A major influence on Pinter was his inspirational English teacher Joseph Brearley, who directed him in school plays and with whom he took long walks, talking about literature. According to Billington, under Brearley's instruction, "Pinter shone at English, wrote for the school magazine and discovered a gift for acting." In 1947 and 1948, he played Macbeth in productions directed by Brearley. At the age of 12, Pinter began writing poetry, in spring 1947, his poetry was first published in the Hackney Downs School Magazine. In 1950 his poetry was first published outside the school magazine, in Poetry London, some of it under the pseudonym "Harold Pinta". Pinter was an atheist. Pinter broke the Hackney Downs School sprinting record, he was a cricket enthusiast. In 1971, he told Mel Gussow: "one of my main obsessions in life is the game of cricket—I play and watch and read about it all the time." He was chairman of the Gaieties Cricket Club, a supporter of Yorkshire Cricket Club, devoted a section of his official website to the sport.

One wall of his study was dominated by a portrait of himself as a young man playing cricket, described by Sarah Lyall, writing in The New York Times: "The painted Mr. Pinter, poised to swing his bat, has a wicked glint in his eye. Pinter approved of the "urban and exacting idea of cricket as a bold theatre of aggression." After his death, several of his school contemporaries recalled his achievements in sports cricket and running. The BBC Radio 4 memorial tribute included an essay on cricket. Other interests that Pinter mentioned to interviewers are family and sex, drinking and reading. According to Billington, "If the notion of male loyalty, competitive rivalry and fear of betrayal forms a constant th

Tissue tropism

Tissue tropism is the cells and tissues of a host that support growth of a particular virus or bacterium. Some bacteria and viruses have a broad tissue tropism and can infect many types of cells and tissues. Other viruses may infect a single tissue. For example, rabies virus affects neuronal tissue. Factors influencing viral tissue tropism include: The presence of cellular receptors permitting viral entry. Availability of transcription factors involved in viral replication; the molecular nature of the viral tropogen. The cellular receptors are the proteins found on viral surface; these receptors are like keys, allowing the viral cell to attach itself to a cell. The way that these proteins are acquired is through a similar process to that of an infection cycle. Tissue tropism develops in the following stages: Virus with GPX enters body Viral cell "targets" cell with a GPX receptors Viral cell fuses with the host cell and inserts its contents into the host cell Reverse transcription occurs Viral DNA is incorporated with host DNA via viral enzyme Production of RNA and viral protein Viral particle is assembled Viral particle buds out of the cell, taking a chunk of the cell membrane with it and acquiring a new tissue with all the receptors it needs to continue tissue tropismExample: HIV has a gp120, what the CD4 marker is on the surface of the macrophages and T cells.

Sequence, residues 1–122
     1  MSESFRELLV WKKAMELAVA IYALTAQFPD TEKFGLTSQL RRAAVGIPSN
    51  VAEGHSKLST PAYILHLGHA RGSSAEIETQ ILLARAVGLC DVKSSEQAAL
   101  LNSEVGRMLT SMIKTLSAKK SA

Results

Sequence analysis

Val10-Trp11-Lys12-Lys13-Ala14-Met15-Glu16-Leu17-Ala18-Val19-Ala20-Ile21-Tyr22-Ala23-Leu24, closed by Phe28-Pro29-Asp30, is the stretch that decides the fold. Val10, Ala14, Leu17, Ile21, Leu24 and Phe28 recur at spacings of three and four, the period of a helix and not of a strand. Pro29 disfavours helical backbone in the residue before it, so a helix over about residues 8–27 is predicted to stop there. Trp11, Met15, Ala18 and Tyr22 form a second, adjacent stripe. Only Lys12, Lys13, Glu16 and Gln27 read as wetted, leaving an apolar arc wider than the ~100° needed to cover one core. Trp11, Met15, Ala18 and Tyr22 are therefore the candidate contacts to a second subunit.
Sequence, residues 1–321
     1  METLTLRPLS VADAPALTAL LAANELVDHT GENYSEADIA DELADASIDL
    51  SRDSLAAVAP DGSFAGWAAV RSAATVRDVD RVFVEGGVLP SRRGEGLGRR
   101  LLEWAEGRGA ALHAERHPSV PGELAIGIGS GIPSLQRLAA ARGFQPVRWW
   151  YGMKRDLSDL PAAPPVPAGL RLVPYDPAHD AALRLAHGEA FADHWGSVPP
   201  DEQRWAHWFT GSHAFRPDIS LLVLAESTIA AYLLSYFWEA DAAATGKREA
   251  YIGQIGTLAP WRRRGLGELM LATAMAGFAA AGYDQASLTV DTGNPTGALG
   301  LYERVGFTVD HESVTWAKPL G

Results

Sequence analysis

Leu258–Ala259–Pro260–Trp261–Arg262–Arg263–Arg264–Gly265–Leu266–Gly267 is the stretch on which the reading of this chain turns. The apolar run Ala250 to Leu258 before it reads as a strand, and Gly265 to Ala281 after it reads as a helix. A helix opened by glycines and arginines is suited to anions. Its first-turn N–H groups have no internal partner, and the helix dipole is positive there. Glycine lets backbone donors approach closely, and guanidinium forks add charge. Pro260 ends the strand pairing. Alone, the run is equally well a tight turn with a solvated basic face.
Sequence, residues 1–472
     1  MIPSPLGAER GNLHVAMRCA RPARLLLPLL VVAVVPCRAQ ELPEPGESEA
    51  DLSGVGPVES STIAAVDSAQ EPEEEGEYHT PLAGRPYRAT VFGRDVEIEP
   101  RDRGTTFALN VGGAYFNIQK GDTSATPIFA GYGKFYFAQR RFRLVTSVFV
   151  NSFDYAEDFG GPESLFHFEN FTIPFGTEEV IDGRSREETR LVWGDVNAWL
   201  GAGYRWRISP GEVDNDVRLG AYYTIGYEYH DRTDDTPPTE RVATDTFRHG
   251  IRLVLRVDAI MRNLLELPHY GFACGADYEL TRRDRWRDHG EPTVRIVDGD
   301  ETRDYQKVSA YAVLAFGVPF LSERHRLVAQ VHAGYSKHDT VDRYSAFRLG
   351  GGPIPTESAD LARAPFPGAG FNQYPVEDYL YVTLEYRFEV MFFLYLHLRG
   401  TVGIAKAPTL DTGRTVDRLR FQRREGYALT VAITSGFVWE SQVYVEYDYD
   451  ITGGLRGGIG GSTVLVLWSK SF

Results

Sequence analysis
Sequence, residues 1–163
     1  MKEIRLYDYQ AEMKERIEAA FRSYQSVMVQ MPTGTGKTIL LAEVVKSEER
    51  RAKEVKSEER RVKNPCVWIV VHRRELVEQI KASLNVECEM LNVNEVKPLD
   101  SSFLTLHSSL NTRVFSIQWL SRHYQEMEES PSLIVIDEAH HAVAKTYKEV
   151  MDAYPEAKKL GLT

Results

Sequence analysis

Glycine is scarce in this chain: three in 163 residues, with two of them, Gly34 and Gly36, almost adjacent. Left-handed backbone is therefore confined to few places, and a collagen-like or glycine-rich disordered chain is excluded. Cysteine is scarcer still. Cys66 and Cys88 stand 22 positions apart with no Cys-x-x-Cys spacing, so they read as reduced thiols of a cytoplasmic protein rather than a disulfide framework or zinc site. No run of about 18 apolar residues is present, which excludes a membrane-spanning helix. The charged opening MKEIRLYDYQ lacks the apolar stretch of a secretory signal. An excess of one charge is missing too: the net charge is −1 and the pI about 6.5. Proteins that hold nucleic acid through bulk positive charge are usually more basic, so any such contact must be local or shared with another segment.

Thus HIV can enter T cells and macrophages Host tropism Raven, Peter H.. "Biology 8th Edition". New York, McGraw-Hill

List of Warner Bros. films (1918–1999)

This is a list of films produced, co-produced, and/or distributed by Warner Bros. and its subsidiary First National Pictures for the years 1928–1960. From 1928 to 1936, films by First National continued to be credited to "First National Pictures". In July 1936, stockholders of First National Pictures, Inc. voted to dissolve the corporation and no further separate First National Pictures were made. For releases, see List of Warner Bros. films. This list does not include direct-to-video releases or films from New Line Cinema prior to its merger with Warner Bros. in 2008, nor does it include third-party films or films Warner gained the rights to as a result of mergers or acquisitions. List of New Line Cinema films List of films based on DC Comics List of Warner Bros. theatrical animated features List of Warner Bros. films Category:Lists of films by studio